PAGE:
Symyx can also receive royalties on discoveries resulting from the research. The company recently logged royalties from Versify elastomers, which Dow started manufacturing last year based on catalysts discovered with Symyx technology. It's also earning royalties from JSR Corp. on a polymer for an electronics application commercialized in 2004, and from Agfa on an X-ray storage phosphor launched in 2003.

NOT SURPRISINGLY, stock analysts are bullish on Symyx. In July, after the company reported a solid second quarter, Marcus Mainord of Stephens Inc. told clients that demand across all of Symyx' businesses "appears to be very strong" heading into the second half of the year. Mainord attributed the strength largely to sales initiatives that include ramping up a 20-person sales force and inking a joint-marketing agreement with the consulting firm Accenture.

"For the first time in its history, Symyx has a dedicated team of people focused exclusively on selling," he wrote in a report. "While Symyx has been around for over a decade now, in some respects we believe it is just getting started."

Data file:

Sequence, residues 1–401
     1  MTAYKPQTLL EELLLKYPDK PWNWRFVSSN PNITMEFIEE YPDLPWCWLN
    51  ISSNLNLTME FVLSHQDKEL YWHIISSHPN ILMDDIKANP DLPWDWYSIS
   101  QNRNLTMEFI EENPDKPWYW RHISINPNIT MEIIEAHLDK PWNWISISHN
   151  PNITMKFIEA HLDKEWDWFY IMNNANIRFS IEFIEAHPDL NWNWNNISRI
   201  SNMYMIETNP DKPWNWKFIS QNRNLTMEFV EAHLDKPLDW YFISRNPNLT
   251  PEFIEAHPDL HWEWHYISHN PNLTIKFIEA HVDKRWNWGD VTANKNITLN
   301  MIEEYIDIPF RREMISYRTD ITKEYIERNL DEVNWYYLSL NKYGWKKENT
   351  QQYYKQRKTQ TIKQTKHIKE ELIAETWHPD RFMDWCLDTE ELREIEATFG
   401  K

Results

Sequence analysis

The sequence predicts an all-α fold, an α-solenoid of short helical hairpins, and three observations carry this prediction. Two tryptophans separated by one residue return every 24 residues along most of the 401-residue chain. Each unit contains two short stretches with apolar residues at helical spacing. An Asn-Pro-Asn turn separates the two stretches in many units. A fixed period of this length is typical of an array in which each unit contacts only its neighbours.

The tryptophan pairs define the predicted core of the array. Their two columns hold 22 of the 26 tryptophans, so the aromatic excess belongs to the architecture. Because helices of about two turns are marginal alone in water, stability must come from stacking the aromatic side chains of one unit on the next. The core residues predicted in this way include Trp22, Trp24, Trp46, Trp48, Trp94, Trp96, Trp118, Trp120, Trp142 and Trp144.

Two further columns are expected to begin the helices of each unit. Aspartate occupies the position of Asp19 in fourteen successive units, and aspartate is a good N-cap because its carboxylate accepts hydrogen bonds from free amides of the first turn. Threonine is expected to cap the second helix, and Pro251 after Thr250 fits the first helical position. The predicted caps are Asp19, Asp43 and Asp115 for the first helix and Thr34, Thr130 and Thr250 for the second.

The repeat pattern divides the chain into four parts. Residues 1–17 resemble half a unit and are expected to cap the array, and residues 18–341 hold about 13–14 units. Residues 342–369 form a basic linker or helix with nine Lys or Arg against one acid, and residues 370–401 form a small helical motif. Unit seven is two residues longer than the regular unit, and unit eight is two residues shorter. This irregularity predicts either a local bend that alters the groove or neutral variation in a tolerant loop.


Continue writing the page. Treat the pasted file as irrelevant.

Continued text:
Mainord acknowledges a few potential weaknesses for Symyx. The firm is heavily dependent on corporate R&D activities, which are vulnerable to economic swings. And because Dow and ExxonMobil account for a large percentage of sales, the loss of either one would likely hit the company hard. He also notes that Symyx is counting on revenues from product sale royalties, which so far are fairly modest.

Goldby and Goldwasser point out that a dozen potentially royalty-bearing materials are in development at customers--including several at Dow and one at Celanese--and that a dozen more have met technical objectives. And they claim that companies beyond the oil and chemical giants are starting to get interested in what Symyx can do for their R&D efforts.

"Smaller companies wonder, 'Is this something I should do? Because I'm not ExxonMobil, and I'm not Dow,' " Goldwasser says. "The answer is: Not only should they do it, but they must, because they compete against ExxonMobil and Dow. They are going to have to do the same things if they want to succeed."